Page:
My wife, Jean, and I had prayed that October morning in 1986 that we would be led to someone we could influence for good or to whom we could teach the gospel. When I received the message at my office that afternoon to visit a man with an insurance problem, I made no connection between the assignment and our prayer. But that is how I met Larry.
Early in our visit I learned that Larry, too, had knelt that day, asking Heavenly Father to send someone to help him. Larry had recently been arrested for driving under the influence of alcohol and had lost his driving privileges until he took a driving course. These humiliating, embarrassing events brought him to his knees at the end of his living room couch.
A special relationship developed almost immediately between us. I discovered some interesting facts about Larry in those first minutes. He was eighty-two and a member of the Church, but he hadn’t been active for sixty years. His nonmember wife had died three years earlier. He lived in my ward, but apparently no one knew he was a member. The ward had no record of his membership.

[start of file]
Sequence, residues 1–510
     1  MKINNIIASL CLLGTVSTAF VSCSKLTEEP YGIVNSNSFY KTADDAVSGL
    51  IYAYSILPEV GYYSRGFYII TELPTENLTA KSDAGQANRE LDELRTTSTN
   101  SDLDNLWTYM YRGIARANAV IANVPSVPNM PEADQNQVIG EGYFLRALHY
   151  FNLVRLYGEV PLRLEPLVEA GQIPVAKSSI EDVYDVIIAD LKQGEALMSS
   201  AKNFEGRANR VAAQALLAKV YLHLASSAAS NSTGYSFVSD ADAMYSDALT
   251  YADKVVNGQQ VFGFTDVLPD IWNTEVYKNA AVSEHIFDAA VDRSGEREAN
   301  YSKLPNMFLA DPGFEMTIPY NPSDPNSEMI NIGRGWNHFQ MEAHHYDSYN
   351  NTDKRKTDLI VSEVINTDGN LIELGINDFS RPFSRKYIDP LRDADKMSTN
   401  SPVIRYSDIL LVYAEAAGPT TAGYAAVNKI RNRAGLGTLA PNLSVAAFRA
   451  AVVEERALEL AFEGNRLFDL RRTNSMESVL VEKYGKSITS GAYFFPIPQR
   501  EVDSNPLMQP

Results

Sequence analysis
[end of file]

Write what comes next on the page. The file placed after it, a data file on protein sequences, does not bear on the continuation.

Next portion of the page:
I lost no time in asking him if he would like to go to church with me and my wife the next Sunday. He agreed. I explained that since he had lost his driving privileges, he had no need for insurance at the moment. I offered to drive him other places when there was a need.
When we picked him up the following Sunday, Jean took an instant liking to him, as I had. Larry, who walked with a cane, had a noticeable limp, so he rose with difficulty when I introduced him in priesthood meeting, inviting the brethren to become acquainted with him. Larry surprised me by speaking up and telling them how grateful he was to be there. As we drove him home later, he commented that he had enjoyed the meetings and the people. He said he would like to go to church next week.